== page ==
The Weekly Editorial: An Iguana’s Epidermis

The Weekly Editorial: An Iguana’s Epidermis

Last Tuesday evening, Building A on the campus of the Florida Keys Community College was filled not only with staff, administration, and the Board of Trustees, but also with emotions, accolades and accusations. When Dr. Susan Ford Hammaker took the podium, she referred to her own dealings with life in the public eye and said, “I have thick skin.”

We can use this space however we want. Editorials are simply opinions. We can applaud, moan, or offer just few of our cents. None of which appeals to me. I prefer to use it to inspire.

I’m not going to focus on the content of the meeting like “who said what,” or the scandalous, juicy details that make tabloids so popular. Because this is a small town and I enjoy sleeping well at night. In addition, I’m heeding the advice given to me by Key West Vice Mayor Mark Rossi: Just remember. Whatever you say and do, you might have to come face to face with the issue in the grocery store aisle. If you feel like you could face it there, then have it out. Otherwise, be diplomatic.

Back to Dr. Hammaker’s remark, growing as a professional, I heard the phrase on a daily basis.

“You better grow a thick skin,” they say on a daily basis.

I have learned from a decade of cutthroat experience that growing thick skin when faced with controversial issue elevates the status of any business or individual.

Yes, I’ve feared for my own life in some professional arenas. I’ve watched colleagues pack up their desks, new teams brought in, billboards torn down, general managers return to Kansas and Vice Presidents abandon their posts without severance.

All because an environment could be, described by some, as “hostile.” I disliked some of my co-workers, and some loathed me. Others are my best friends and trusted colleagues for life.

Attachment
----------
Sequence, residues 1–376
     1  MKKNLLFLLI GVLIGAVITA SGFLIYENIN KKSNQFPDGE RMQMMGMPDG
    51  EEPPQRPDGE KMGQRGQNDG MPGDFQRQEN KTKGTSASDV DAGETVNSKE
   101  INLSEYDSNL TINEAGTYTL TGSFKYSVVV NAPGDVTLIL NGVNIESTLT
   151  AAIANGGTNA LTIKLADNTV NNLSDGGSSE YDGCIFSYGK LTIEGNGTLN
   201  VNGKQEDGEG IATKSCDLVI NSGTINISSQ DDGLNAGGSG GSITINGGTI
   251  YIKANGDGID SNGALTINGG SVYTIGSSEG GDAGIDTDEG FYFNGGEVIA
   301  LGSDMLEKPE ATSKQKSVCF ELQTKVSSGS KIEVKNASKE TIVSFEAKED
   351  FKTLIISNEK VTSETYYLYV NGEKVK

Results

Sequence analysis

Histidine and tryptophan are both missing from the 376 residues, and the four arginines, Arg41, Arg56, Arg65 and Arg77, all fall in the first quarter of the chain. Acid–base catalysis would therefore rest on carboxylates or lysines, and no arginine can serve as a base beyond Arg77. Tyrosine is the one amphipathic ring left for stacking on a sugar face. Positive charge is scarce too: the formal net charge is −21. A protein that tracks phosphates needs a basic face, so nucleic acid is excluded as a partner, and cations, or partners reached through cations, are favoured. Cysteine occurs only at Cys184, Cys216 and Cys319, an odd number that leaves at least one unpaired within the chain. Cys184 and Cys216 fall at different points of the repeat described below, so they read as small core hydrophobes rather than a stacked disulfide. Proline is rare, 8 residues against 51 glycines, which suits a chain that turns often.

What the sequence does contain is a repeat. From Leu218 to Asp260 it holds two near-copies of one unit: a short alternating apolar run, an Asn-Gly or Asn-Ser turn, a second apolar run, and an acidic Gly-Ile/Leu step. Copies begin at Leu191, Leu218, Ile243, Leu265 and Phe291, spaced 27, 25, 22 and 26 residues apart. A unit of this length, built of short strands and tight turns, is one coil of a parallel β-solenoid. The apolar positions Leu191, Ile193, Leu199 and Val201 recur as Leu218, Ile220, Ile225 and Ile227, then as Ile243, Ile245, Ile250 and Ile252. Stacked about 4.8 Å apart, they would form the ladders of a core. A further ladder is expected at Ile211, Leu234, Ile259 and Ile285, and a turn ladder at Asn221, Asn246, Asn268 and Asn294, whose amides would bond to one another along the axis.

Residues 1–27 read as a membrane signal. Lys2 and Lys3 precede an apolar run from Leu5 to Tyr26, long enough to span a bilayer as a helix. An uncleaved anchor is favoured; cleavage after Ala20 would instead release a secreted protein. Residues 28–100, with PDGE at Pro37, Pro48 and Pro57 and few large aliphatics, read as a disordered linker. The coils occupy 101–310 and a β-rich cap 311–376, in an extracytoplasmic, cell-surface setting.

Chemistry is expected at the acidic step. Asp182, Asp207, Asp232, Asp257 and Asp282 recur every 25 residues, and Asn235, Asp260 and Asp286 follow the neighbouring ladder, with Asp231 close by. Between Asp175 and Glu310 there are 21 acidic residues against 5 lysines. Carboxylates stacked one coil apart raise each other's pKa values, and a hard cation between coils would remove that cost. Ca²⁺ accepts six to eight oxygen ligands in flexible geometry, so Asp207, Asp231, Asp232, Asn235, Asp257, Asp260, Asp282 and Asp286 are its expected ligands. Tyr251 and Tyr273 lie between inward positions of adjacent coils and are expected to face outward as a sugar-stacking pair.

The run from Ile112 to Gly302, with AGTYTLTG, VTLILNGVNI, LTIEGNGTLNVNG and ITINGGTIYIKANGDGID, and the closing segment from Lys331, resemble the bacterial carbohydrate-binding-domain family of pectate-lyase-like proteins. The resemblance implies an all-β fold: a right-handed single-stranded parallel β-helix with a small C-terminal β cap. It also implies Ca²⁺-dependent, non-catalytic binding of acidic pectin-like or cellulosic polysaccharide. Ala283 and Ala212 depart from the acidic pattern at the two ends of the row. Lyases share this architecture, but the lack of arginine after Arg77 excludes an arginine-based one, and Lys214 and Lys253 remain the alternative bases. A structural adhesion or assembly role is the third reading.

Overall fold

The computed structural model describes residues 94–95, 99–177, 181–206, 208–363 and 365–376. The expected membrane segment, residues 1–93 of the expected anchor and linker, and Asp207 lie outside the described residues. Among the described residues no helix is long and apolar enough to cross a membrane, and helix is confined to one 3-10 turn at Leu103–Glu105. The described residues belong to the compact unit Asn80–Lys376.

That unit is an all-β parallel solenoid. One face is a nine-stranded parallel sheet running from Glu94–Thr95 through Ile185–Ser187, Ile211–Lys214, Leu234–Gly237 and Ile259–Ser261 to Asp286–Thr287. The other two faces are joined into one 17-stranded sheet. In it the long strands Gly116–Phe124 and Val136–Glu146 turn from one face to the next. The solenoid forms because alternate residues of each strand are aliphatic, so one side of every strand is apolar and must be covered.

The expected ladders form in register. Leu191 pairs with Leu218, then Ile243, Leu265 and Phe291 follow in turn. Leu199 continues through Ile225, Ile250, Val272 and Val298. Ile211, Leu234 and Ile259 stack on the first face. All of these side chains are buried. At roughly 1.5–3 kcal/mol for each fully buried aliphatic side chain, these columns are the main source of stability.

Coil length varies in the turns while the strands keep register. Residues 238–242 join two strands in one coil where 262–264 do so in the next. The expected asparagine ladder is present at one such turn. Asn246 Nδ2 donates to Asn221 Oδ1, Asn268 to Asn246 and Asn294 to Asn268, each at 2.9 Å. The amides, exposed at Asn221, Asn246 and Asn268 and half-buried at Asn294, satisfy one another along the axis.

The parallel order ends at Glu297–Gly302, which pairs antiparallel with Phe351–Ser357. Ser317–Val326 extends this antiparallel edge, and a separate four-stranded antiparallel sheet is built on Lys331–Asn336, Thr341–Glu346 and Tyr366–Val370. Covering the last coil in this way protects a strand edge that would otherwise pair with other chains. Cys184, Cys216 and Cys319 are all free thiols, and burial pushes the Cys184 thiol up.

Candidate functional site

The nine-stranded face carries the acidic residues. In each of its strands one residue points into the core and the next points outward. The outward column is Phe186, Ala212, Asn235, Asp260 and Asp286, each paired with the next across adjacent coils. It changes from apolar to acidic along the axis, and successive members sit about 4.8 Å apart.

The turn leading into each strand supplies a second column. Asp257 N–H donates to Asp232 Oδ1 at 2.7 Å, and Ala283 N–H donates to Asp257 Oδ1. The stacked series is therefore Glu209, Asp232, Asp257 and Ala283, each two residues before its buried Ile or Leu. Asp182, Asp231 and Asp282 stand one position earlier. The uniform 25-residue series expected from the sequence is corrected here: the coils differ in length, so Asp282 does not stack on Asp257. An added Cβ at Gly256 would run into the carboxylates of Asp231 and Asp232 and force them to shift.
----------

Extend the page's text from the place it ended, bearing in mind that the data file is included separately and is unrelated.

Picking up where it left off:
Turbulence in the workplace simply isn’t uncommon.

Making money or achieving success is not easy; otherwise, everyone would be on permanent vacation or enjoying a 35’ Contender with triple Mercury 300s.

Being at the top will always place a giant “X” on your back – from the President of the United States to the Bureau Chief of a locally owned (and influential!) newspaper.

If you think it’s true only in your workplace, hop on a boat with Captain Spencer Slate, the new chairman of the Board of Trustees for FKCC. Watch the frenzy surrounding his boat.

Ride up to Miami and sit around a newsroom after the 6 o’clock news airs.

Everyone wants to be at the top, but being reprimanded is a slam to the ego.

Thick skins are one workplace wardrobe essential, which separates the professionals from the amateurs and should be worn by everyone from custodians and dishwashers to CFOs and Art Directors. If there is one lesson to be learned repeatedly, especially in the Keys, is that small town politics is a tough racket. Let’s remain civilized. As my mentor used to tell me, “I’m going to save you from yourself.”
Josie Koler is the Bureau Chief for The Key West Weekly. You can send your thoughts by emailing her at .(JavaScript must be enabled to view this email address)


Kim Bassett, CEO of Fishermen’s Hospital in Marathon assumes the new role of Vice Chairwoman at FKCC. Captain Spencer Slate, owner of Captain Slate’s Atlantis Dive Center is the new Chairman of the college’s Board of Trustees.



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